Monday 3 May 2010. In an unprepossessing building in a small backstreet in trendy Gangnam is a compact office which manages a gugak fusion band which briefly caught the spirit of a nation. At the height of the Korea, Sparkling promotional campaign, when the Korean Tourism Organisation was promoting Korea as a place with ancient traditions but with very modern style and energy, Sorea’s “In Panic” video was a YouTube sensation. Five pretty girls playing traditional Korean instruments to a very modern beat, and a b-boy from Korea’s world-beating Extreme Crew dancing to the same beats as traditional nongak dancers. A perfect fusion of old and new.
Sorea is the brainchild of Ryu Moon, a music industry veteran of more than ten years. Mr Ryu had noted the growing World Music trend, spotting the international popularity of styles such as Celtic music and Tango. He judged that Korea had something to contribute to this new trend. In the first “Creative Gugak” competition run by the Ministry of Culture and Tourism in 2004, Sorea were unexpected winners.
Sorea is commercial operation, formed to sell a product. The product is pretty girls on traditional instruments playing accessible new music for a young audience both domestically and internationally. For the domestic audience the hook is the new use of traditional instruments, while for the international audience this is a fresh new entrant in the World Music market. If a girl band can succeed, what about some cute boys, I ask Ryu. Is there room in the market for a gugak fusion boy band, a samulnori TVXQ to rival Sorea’s SNSD? Ryu has considered it, but with an eye on the international market has concluded that while such a product would sell in China and the rest of Asia, it would flop in the West.
While the Sookmyung Kayageum Orchestra, an all-female kayageum band, tends to focus on cover versions (the Beatles songs you hear on the KTX express train or in tourist shops are likely to be played by them), Sorea is all about new music. You’re not going to access the World Music market if all you’re playing is cover versions. Sorea’s music is mainly written by independent composers, but arranged by the Sorea team. Although the music is all new, that’s not to say that there isn’t some reference to the tradition from which the instruments come. For example, in the first track of their first EP Ryu tells me you can hear the traditional gutgori and chajinmori rhythms. “But we don’t have a serious message. We’re all about entertainment. But if people come to understand their tradition better as a result, that’s great.”
Despite their success, Sorea has released comparatively little on CD, compared with, for example, the four albums released by haegeum player Ccotbyel: no full-length album, just an EP and a collection of tunes from their fledgling stage musical. Ryu is cautious about releasing a full album, even though he has 16 tracks in the bag which could easily form the basis of a CD. He prefers to focus on live performance and to keep an eye on where the market is going, waiting for the right time and the right market to release a full-length album – if indeed there is a right market.
Ryu gives me a quick overview of the music industry to explain his cautious strategy further. The move from LP to CD was reasonably quick, he explains, while the move from CD to MP3 was quicker. “Increasingly, music isn’t something people listen to any more. It’s a service. It’s used as something to express identity, for example by personalising the ringtones on your cellphone or providing background music for your CyWorld page. How does a traditional CD fit in with this new market?” Ryu regards the market right now as in a transformational period.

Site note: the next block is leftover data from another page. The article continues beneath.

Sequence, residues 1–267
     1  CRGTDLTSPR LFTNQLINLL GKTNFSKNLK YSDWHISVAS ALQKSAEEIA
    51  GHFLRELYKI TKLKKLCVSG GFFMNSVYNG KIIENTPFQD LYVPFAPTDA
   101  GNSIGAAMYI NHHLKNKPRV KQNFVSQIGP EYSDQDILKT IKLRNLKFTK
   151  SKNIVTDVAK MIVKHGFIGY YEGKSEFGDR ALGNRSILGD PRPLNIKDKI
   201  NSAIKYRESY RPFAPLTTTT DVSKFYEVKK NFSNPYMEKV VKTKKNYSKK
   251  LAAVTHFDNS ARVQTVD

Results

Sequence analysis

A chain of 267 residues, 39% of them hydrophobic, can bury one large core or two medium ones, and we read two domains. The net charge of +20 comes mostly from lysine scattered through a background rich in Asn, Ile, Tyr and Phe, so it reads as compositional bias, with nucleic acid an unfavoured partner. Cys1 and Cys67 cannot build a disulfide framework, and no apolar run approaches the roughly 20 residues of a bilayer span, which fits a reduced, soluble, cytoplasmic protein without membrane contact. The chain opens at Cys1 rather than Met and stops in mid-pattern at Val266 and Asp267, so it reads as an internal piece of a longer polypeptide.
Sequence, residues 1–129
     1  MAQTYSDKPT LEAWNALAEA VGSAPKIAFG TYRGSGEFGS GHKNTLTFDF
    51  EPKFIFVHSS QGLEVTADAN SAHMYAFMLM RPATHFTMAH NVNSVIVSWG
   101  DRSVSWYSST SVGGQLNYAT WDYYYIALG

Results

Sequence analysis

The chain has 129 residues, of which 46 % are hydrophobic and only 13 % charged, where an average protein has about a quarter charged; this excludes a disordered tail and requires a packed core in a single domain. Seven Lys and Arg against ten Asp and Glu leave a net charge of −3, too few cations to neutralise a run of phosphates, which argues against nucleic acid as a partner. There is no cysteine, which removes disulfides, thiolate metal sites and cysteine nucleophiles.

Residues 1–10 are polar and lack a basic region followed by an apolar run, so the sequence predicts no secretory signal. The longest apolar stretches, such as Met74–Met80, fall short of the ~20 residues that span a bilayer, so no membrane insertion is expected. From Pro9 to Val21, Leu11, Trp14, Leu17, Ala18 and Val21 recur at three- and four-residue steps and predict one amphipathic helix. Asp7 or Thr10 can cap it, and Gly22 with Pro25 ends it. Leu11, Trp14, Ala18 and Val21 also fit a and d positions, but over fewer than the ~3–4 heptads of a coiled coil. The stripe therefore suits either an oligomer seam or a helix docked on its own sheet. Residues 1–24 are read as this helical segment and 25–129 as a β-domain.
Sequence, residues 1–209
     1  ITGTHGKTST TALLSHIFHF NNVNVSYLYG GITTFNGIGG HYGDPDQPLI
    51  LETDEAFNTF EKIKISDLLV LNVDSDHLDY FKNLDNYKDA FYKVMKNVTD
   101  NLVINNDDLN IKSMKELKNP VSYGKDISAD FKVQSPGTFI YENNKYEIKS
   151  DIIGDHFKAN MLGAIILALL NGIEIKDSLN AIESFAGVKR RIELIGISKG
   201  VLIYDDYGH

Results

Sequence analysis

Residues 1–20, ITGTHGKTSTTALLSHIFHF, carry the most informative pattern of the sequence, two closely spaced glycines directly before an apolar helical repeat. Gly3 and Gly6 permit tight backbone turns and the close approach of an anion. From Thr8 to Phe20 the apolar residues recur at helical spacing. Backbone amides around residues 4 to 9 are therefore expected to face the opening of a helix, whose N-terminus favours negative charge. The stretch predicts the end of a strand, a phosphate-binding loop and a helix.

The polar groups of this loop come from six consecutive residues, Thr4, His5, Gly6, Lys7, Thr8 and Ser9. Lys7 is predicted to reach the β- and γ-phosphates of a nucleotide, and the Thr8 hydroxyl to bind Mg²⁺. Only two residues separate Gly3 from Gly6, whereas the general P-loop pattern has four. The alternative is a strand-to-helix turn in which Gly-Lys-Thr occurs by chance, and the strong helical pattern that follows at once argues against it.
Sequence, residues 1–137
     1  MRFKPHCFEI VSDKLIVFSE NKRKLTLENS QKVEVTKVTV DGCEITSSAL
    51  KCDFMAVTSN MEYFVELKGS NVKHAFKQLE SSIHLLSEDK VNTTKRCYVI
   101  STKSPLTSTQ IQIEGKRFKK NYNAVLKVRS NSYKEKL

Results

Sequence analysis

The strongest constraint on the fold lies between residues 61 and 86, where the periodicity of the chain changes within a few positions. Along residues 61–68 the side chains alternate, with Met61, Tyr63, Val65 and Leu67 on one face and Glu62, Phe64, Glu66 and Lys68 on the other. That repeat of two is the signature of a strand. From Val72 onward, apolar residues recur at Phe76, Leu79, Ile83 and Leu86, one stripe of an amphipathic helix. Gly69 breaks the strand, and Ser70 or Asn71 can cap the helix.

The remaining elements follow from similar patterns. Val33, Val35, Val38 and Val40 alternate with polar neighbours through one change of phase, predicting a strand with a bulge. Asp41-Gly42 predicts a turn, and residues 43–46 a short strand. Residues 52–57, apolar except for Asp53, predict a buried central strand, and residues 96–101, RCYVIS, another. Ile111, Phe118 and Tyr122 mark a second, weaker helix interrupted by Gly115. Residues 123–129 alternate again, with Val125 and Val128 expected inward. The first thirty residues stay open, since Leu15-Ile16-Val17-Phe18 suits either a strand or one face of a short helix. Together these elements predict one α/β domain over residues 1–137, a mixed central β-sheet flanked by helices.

The Korean music market is only 1% of the size of the US market, and around 2% of the Japanese. And traditional music is only 2% of that. Sorea therefore has to be international in order to be a success. And each international market is different. This involves tailoring the sound for different countries. Ryu rattles off more statistics: “13% of the US pop market is guitar based. That’s a lot more than Korea. That means we’ve got to consider our sound if we release in the US. The core product and basic style will be the same, but the sound engineering will be localised.”
In Panic was an immediate success in Korea and elsewhere, and Ryu is looking to maintain that success. One obvious question: if part of Sorea’s selling proposition is young, pretty girls, what happens when the years might take an inevitable toll on the players’ youthful good looks? Not an issue: there is a ready stream of gugak players exiting university, and today’s Sorea is in fact a squad of 12 musicians even though only 5 will appear at any one gig.
Evidencing Ryu’s further experimentation with the market, a stage show, called Monsters Theatre was produced last year, which had a brief run at the Myongdong Theatre in Seoul and which also made an appearance at the Thames Festival in London. A major gig is planned for the autumn of 2010 to coincide with the G20 summit, at which Sorea will share the billing with other big names like Kim Duk-soo’s Samulnori and the Sookmyung Kayageum Orchestra. Tours to the US and France later this year provides further opportunity to get Sorea’s name known better. The prize is a piece of the World Music market, and Moon Ryu is determined to win it.